France – Wednesday 16 December

Belgium, Denmark, Luxembourg, Netherlands, Norway, Slovakia, Switzerland – Thursday 17 December

Order by 1pm on these dates to guarantee delivery before Christmas!

‘Miniature Ink II’ at the Atomica Neal Street Pop Up!


Atomica Gallery and Things&Ink present ‘Miniature Ink II’

23rd SEPTEMBER – 2nd OCTOBER 2015


An exhibition of miniature original artworks from over 100 of the world’s leading tattoo artists!
All featured artwork available to purchase on a first-come, first-served, basis… Kewpie dolls the medium for 2015!

Atomica Gallery and Things&Ink are delighted to announce Miniature Ink II, a group exhibition celebrating contemporary tattoo artistry, featuring miniature original artworks from over 100 of the world’s leading tattoo artists. Opening in Seven Dials on Wednesday 23rd September to coincide with the London Tattoo Convention 2015, Miniature Ink II is also being held to raise awareness for Battersea Dogs & Cats Home, with profits from sales being donated to the charity.

Miniature Ink II follows the overwhelming success of 2014’s inaugural Miniature Ink, in which leading tattoo artists contributed postcard-sized original artworks to the international group exhibition. For the exhibition’s second edition, Atomica and Things&Ink have introduced a twist. Rather than using paper as their canvas, this year each of the contributing artists have been asked to decorate an iconic object within the tattoo community: a kewpie doll.

With tattoo culture exploding in popularity and becoming established as a mainstream art form, Miniature Ink II will once again showcase the breadth and variety of artistic talent within the community. Reflecting the medium’s inherent accessibility, each of the kewpies will be available to purchase at the same affordable price on a first-come, first-served basis, providing the opportunity for tattoo-lovers and art-lovers alike to own an original work by some of the most sought-after names in the industry. 


Alex Binnie, Annie Frenzel, Anthony “Civ”Civarelli, Antony Flemming, Big Sleeps, Clare Hampshire, Deno, Drew Linden, Friday Jones, Guy le Tatooer, Hannah Pixie Sykes, Jody Dawber, Jondix, Keely Rutherford, Lal Hardy, Lauren Winzer, Lou Hopper, Michelle Myles, Nikole Lowe, Rachel Baldwin, Rose Hardy, Sarah Carter, Sasha Unisex, Wendy Pham  plus many more.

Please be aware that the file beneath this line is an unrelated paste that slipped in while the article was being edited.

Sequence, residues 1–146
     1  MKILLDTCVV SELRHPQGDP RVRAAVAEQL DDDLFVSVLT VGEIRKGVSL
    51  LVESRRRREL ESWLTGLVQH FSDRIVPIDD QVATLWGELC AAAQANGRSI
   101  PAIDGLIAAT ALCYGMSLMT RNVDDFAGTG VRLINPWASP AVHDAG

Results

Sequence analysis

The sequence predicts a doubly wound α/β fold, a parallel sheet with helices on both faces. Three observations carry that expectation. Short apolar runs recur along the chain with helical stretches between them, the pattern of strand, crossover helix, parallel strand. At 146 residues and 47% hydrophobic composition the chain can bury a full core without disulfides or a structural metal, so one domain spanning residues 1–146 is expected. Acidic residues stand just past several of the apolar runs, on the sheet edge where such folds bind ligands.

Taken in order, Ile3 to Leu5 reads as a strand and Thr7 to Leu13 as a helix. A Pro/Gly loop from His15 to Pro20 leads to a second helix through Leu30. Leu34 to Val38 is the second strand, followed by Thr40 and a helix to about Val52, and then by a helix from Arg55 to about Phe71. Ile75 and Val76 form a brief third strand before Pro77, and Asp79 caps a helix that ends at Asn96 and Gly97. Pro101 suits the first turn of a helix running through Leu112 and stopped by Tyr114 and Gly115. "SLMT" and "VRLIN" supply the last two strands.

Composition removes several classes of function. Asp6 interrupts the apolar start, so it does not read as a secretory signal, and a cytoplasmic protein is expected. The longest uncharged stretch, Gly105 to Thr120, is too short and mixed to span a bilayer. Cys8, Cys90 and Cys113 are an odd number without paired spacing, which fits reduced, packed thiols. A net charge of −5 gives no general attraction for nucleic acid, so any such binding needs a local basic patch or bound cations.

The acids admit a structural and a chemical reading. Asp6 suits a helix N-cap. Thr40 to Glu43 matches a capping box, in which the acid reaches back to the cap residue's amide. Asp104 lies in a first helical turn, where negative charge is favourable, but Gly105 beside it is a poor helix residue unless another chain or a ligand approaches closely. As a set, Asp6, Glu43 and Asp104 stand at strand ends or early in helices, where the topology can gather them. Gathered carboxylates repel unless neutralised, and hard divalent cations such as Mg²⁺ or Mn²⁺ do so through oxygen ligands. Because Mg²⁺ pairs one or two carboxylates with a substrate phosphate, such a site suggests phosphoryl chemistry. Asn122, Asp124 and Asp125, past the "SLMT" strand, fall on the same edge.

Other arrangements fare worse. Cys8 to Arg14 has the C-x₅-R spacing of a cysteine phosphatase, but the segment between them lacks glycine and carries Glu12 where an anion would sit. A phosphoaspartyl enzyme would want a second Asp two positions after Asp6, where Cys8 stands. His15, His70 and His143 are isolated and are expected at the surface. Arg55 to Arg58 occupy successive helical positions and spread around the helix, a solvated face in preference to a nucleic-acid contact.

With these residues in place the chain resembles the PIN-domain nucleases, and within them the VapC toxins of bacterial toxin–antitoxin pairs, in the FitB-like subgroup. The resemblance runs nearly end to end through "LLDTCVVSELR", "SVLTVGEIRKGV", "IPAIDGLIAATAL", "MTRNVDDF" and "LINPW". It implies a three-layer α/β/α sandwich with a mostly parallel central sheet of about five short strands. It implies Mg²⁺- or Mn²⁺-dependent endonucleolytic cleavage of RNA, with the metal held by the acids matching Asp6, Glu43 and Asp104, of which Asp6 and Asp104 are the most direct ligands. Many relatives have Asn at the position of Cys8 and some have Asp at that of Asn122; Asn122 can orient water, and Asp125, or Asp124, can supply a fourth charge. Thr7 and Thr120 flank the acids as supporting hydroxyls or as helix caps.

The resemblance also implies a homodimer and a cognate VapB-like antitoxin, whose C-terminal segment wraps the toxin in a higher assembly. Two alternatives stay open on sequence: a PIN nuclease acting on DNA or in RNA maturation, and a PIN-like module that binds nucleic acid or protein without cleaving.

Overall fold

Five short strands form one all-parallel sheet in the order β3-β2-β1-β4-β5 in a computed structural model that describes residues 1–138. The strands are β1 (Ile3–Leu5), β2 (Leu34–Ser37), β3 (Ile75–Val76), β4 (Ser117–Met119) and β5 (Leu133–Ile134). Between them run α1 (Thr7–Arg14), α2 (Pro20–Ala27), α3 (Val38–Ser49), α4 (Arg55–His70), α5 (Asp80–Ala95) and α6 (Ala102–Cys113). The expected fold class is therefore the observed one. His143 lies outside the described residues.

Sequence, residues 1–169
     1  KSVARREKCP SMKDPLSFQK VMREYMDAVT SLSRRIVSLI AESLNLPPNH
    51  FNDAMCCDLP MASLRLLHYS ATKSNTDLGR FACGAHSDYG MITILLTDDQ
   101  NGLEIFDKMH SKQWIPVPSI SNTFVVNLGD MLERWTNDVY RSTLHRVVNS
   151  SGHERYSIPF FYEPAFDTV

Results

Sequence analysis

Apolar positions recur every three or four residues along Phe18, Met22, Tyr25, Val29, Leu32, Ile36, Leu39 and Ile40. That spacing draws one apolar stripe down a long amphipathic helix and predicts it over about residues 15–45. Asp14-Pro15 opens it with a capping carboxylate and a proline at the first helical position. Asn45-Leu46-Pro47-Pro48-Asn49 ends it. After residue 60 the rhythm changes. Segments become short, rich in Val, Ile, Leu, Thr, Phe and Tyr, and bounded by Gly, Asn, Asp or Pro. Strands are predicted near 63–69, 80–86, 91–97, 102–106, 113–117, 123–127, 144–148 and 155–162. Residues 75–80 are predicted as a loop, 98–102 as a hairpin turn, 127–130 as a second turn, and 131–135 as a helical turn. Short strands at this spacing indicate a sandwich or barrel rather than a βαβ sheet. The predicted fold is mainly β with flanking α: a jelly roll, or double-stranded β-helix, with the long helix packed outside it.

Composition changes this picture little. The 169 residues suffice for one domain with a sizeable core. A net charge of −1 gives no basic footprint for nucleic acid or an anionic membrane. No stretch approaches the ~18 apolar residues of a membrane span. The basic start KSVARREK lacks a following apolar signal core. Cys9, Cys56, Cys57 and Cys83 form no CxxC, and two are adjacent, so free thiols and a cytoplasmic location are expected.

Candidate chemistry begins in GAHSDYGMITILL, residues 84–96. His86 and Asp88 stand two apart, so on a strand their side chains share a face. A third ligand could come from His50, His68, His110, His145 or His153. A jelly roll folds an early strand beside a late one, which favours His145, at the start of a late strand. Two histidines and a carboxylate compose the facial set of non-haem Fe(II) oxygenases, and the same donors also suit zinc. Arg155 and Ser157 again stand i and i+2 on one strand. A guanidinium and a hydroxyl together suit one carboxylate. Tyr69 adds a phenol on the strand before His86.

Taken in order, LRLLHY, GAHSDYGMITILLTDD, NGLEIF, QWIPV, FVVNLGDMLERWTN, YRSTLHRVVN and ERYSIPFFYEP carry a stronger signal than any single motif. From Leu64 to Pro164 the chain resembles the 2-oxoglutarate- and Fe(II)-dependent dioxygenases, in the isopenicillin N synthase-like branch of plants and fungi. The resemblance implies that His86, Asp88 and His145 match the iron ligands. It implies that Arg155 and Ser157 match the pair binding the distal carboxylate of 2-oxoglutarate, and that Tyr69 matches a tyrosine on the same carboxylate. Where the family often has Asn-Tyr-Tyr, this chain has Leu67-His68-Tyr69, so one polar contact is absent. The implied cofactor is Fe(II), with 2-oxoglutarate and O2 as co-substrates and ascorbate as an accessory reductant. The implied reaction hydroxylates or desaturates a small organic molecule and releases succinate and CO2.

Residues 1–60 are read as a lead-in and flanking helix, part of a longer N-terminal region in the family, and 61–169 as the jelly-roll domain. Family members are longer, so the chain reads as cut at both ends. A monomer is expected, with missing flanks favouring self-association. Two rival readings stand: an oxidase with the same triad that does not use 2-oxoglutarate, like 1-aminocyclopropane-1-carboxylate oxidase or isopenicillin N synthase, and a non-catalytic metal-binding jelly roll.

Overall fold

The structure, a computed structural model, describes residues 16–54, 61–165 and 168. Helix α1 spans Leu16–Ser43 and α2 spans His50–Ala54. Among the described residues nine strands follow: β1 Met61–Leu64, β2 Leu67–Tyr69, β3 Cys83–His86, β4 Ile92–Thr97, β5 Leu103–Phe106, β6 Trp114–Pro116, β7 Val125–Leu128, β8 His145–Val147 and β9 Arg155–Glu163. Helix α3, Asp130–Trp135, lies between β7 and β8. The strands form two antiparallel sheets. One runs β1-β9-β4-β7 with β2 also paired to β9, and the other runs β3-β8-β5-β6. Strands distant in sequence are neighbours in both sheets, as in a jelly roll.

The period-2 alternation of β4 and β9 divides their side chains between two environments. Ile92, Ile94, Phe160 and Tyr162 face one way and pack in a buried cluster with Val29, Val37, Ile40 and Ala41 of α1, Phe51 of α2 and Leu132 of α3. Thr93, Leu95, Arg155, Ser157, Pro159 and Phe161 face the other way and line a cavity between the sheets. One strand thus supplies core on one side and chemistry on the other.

T-shirts featuring artwork from the exhibition will be available to purchase at the opening reception and throughout the exhibition (provided by Yr Store) and blank decorate-your-own kewpie dolls. Atomica Gallery will also have a selection of limited edition prints, original artworks, ceramics and books and other hard-to-find/easy-to-love artist-made rarities available for sale.



Wednesday 23 September, 6-9pm
Complimentary drinks kindly supplied by Sailor Jerry Rum and Huber Beer

RSVP: rsvp@atomicagallery.com or join the Facebook event: https://www.facebook.com/events/518417618306230/

Interview – artist Nick Sheehy interviews fellow artist Ruben Ireland on his latest exhibition ‘Hyperdusk’

Taking a sidestep from his gentler subjects of dreamy, feminine creatures and spirit animals, Ruben Ireland transports us into a futuristic battlefield with androgynous archers and warrior women for his debut solo exhibition ‘Hyperdusk’. Over the past few years the British digital mixed media artist has carved out a distinctive rendered style that’s unmistakably his own. In ‘Hyperdusk’ his newest monochrome beings have an etherial, sci-fi like beauty and poise that is captivating and full of wonder. Interviewed by fellow Atomica artist Nick Sheehy, Ruben chats symbolism, mess, the natural development of his first solo exhibition and the cathartic processes of his work. ‘Hyperdusk’ opened at Atomica in June and is still available to view and purchase online HERE.

Interview by Nick Sheehy, an Australian artist currently living in London.


How did you prepare for Hyperdusk? Was there any particular shift in what you wanted to achieve in the artwork? Did you set yourself any rules? Anything you wanted to change or develop about your practice?